''We now have one hundred employees in Croatia, and 50 more outside of Croatia. On average, their salaries are over a thousand euros, of course, depending on the segment in which they work. It would be good if the taxes on these salaries were 20 to 30 percent lower, and that our employees' salaries were higher by that same amount. We're always in fear that the most important people will leave us, as they constantly receive offers from other companies. And not just those, but our company gets offers. We were the guest of the Irish development agency who suggested we move the entire company over to Ireland. For now, we're not going to do it, but if we end up in a situation where we're without people (staff), then what else can we do other than go there with them,'' admitted Popović.

In Croatia, this Croatian company has offices in Zagreb, Rijeka, Split, Zadar, and outside of Croatia it operates in all the countries of the former Yugoslavia, as well as in Romania, Bulgaria, Hungary and Slovakia.

According to Popović, the best operating conditions are in Slovenia, followed by Romania, Bulgaria, and Hungary. In Croatia, the highest taxes are paid on employee salaries.

Want to keep up with more news about the domestic economic climate and doing business in Croatia? Make sure to stay up to date with our business page.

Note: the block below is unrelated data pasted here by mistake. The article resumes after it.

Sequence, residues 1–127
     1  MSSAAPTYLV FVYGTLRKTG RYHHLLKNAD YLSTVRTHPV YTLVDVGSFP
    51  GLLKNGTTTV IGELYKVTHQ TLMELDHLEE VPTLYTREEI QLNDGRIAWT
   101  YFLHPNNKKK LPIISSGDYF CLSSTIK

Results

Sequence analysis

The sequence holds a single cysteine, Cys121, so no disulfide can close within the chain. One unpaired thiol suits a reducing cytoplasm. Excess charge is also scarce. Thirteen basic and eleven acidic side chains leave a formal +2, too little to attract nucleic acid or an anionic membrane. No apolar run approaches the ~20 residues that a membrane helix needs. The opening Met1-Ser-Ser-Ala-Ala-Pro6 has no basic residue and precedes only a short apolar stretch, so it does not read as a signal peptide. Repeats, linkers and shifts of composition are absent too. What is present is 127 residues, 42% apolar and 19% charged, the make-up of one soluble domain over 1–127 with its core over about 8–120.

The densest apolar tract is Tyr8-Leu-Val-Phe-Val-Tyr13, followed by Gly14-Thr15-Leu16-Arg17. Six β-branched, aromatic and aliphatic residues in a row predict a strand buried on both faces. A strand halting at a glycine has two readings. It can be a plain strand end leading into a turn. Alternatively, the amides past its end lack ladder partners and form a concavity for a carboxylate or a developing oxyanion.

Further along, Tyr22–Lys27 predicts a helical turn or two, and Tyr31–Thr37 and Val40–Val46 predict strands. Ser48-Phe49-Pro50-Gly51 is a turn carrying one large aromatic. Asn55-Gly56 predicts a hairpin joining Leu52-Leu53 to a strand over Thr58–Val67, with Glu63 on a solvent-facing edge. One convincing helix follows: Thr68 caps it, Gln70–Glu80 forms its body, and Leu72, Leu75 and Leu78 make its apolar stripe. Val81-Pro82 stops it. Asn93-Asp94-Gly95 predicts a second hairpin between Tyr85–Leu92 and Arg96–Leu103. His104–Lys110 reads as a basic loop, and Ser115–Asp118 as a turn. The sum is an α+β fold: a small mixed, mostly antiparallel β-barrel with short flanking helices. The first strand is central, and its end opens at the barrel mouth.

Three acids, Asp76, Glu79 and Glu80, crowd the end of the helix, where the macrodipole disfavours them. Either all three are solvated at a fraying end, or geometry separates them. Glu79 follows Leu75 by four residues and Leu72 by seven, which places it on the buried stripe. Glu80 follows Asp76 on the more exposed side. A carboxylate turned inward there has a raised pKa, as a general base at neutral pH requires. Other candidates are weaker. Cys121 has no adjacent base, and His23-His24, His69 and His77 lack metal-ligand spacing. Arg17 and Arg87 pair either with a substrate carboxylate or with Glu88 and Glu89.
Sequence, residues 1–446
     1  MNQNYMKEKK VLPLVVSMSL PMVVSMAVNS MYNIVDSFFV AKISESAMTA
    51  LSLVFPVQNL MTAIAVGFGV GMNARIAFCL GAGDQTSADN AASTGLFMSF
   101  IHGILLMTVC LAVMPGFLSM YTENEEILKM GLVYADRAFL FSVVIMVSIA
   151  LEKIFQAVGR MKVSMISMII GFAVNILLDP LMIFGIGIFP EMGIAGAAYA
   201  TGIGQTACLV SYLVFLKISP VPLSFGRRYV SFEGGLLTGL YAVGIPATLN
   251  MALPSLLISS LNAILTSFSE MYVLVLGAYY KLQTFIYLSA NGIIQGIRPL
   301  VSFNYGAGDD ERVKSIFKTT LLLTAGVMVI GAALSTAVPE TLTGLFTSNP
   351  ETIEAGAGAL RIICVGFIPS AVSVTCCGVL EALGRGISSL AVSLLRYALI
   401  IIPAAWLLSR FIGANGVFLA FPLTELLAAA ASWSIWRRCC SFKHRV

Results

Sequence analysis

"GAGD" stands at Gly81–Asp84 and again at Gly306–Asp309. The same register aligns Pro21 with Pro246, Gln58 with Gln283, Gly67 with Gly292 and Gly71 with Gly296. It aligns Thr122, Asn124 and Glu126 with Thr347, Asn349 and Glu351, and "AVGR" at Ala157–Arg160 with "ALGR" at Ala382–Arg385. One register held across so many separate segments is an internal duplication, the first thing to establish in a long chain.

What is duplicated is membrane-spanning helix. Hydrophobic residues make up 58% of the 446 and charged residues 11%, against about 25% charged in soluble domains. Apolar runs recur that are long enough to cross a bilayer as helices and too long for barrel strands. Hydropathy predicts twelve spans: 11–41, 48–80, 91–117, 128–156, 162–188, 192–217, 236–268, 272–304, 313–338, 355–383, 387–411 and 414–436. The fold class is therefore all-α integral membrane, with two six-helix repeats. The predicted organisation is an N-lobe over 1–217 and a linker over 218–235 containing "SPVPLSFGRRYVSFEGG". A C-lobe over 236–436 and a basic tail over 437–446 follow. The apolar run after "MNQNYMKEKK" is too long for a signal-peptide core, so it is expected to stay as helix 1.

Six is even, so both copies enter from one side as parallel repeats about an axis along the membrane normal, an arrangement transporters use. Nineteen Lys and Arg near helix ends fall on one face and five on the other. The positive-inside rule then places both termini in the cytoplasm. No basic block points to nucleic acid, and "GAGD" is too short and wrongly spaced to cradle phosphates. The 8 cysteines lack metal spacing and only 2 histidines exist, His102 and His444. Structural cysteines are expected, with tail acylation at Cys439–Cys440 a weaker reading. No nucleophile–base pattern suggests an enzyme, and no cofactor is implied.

Wednesday, 7 November 2018

Economic Boost: Successful Tourism Company Seeks Expansion, Raises Wages

An economic boost could well be on the cards for Croatian tourism as one of the country's most successful companies within that sector raises employee wages and aims for further expansion for 2019's tourist season.

As Poslovni Dnevnik writes on the 5th of November, 2018, after a successful seaso, one of the most successful tourist companies in Croatia, the Jadranka Group from Lošinj, is investing in the salaries of its employees and is looking for reinforcements for next season.

Jadranka Group's education program includes in-house workshops, theoretical lectures and practical training. Among them, the Gastro Academy stands out, and employees are encouraged to focus on improving the skills needed for high-level service at a five-star level.

With internal education, employees have the opportunity to expand their knowledge and skills and thus attend specialised programs held in external institutions for highly specialised professions such as those in concierge and bartending, to name a couple. Therefore, it comes as no real surprise that in Jadranka hotels, the daughter company of the Jadranka Group, the number of employees has doubled since 2009.